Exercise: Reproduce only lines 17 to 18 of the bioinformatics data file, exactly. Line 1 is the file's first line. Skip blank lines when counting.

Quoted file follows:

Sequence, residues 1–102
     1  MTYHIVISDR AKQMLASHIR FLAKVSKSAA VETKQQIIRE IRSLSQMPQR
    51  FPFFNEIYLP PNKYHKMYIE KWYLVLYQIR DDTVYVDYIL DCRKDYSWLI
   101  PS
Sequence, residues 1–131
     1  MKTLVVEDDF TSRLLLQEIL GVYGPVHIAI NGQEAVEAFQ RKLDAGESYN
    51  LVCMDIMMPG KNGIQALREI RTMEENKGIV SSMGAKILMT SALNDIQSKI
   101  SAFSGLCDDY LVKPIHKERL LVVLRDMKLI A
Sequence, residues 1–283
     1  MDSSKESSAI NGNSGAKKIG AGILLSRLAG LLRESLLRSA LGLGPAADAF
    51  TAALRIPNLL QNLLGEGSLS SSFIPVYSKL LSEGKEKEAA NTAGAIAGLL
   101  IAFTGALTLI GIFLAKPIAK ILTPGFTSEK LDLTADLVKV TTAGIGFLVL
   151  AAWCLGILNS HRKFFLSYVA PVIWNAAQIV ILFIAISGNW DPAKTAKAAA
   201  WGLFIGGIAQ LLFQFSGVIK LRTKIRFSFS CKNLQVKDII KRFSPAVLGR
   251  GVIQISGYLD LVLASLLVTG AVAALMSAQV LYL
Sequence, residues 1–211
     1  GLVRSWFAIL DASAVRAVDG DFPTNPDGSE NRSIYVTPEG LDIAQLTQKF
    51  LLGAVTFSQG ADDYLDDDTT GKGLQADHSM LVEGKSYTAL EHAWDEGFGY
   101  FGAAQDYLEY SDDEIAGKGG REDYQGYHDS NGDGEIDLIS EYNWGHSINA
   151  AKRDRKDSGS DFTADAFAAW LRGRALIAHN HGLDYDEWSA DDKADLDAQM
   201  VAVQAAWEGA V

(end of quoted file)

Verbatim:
     1  GLVRSWFAIL DASAVRAVDG DFPTNPDGSE NRSIYVTPEG LDIAQLTQKF
    51  LLGAVTFSQG ADDYLDDDTT GKGLQADHSM LVEGKSYTAL EHAWDEGFGY